The walk is a circular between two of the dale’s most popular attractions; the village of Askrigg and the spectacular (at least after all the rain!) Aysgarth Falls. The higher level outbound route is the best, the return is closer to the River Ure.

I prefer to start the walk in Askrigg and head up the hill to the east end of the village. On passing the Crown Inn continue up the lane for 100m to a footpath sign on your right.

Darlington and Stockton Times: Askrigg in Wensleydale

At the end of the houses take the left fork aiming uphill, through two narrow stiles, arriving in the small hamlet of Newbiggin. It is exquisitely pretty.

Cross the road and take the left hand fork path again heading gradually uphill. The path passes through some lovely woodland before breaking out in to an open field with far reaching views up and down Wensleydale.

On reaching a farm lane over a stile turn right and take the left fork on the lane leading a little uphill to a barn on your right. Pass through a gate on to the open moorland. The next three-plus miles is one of my favourite stretches of walking in the Dales. The views are outstanding, the walking and route finding straightforward and it is in classic Dales scenery; dry stone walls, small streams, sheep and limestone scars to your left.

Darlington and Stockton Times: Askrigg and Aysgarth walking map

The path is good but just above Woodhall be aware that when the lane drops towards the village turn uphill for a few metres to a gate and then join the path to your right. The path basically keeps level and heads east.

After two miles the track passes the old quarry under Ivy Scar and climbs slightly to a gate. After the gate take the right fork and drop down to the village of Carperby. Enter the village via a farm, it is not the easiest to navigate through.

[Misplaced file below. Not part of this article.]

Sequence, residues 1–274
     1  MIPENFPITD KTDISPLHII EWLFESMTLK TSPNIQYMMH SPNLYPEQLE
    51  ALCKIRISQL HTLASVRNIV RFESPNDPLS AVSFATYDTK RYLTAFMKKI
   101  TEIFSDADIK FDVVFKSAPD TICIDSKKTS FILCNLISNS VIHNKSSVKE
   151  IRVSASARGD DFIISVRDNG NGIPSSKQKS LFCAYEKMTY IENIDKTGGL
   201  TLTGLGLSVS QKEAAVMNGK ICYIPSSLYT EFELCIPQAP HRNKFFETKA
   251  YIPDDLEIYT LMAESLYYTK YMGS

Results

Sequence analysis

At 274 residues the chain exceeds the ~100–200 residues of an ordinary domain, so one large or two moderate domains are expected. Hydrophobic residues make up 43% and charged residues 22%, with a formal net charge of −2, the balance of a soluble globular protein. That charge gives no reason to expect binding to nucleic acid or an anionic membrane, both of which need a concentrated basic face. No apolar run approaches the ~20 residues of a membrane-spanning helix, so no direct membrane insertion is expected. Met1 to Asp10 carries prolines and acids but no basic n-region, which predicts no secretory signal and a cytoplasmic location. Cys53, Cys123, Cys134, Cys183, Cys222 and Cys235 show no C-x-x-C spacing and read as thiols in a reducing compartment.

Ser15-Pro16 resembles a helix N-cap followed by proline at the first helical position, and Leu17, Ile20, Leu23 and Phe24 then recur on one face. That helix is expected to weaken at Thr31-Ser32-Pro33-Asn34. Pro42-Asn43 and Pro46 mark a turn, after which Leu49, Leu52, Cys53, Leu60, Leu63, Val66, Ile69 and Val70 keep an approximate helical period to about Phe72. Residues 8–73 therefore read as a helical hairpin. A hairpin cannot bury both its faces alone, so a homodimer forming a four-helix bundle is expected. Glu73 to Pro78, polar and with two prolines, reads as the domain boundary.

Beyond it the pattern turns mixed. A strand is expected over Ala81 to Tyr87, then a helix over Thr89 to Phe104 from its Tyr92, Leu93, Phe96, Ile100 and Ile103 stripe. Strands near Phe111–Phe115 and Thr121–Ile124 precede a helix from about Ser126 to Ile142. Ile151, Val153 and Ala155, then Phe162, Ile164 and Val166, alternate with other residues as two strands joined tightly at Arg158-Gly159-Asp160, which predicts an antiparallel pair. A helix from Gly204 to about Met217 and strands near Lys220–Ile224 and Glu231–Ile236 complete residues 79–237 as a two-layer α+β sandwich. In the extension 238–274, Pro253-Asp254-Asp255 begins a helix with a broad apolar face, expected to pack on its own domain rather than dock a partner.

The path enters Carperby at its west end, turn left for a few metres then left downhill towards Aysgarth. After 300 metres take the footpath on your right and continue downhill to the car park and the main visitor centre of Aysgarth Falls.

Darlington and Stockton Times: Aysgarth Upper Falls

The main falls are over the road to the west and well worth the detour but if time is tight carry on down the road to the road bridge. Just before arriving at the bridge turn right and visit the Upper Falls of Aysgarth, a lovely place and spectacular after wet weather.

From here the path sticks close to the River Ure, following the line of the Old Railway which used to run along here (closed in 1964). After looping round the farm at Bear Park follow the path west for half a mile before cutting down to the river for the next two and a half miles. On arrival at Nappa Mill the path meets a road which climbs back in to Askrigg.

Walk facts

Distance: Roughly 12 miles.

Height to climb: 300m (985 feet).

Start: SD 948910. There is parking near the Crown Inn at the top end of Askrigg.

Difficulty: Hard. The walking itself is straightforward on good paths (muddy by the river in places) but it will take the best part of a day.

Refreshments: Askrigg has cafes and pubs and at the half way point at Carperby/Aysgarth Falls.

The route description and sketch map only provide a guide to the walk. You must take out and be able to read a map (O/S Explorer 30) and in cloudy/misty conditions a compass (essential on this walk). You must also wear the correct clothing and footwear for the outdoors. Whilst every effort is made to provide accurate information, walkers head out at their own risk.

Please observe the Countryside Code and park sensibly.

  • Jonathan Smith is the owner of Where2walk, a walking company based in the Yorkshire Dales. He has written three books on walking in the Dales, The Yorkshire 3 Peaks, The Dales 30 mountains and Walks without Stiles. All these books (and more) are available direct from the Where2walk website. Book a navigation (map and compass skills) training day near Settle or a bespoke day for a private group. The next available date is Sunday, May 19. Join our “Dales 30 Weekenders” in Hawes and Sedbergh. also features hundreds of walks across Yorkshire and beyond, from easy strolls to harder climbs.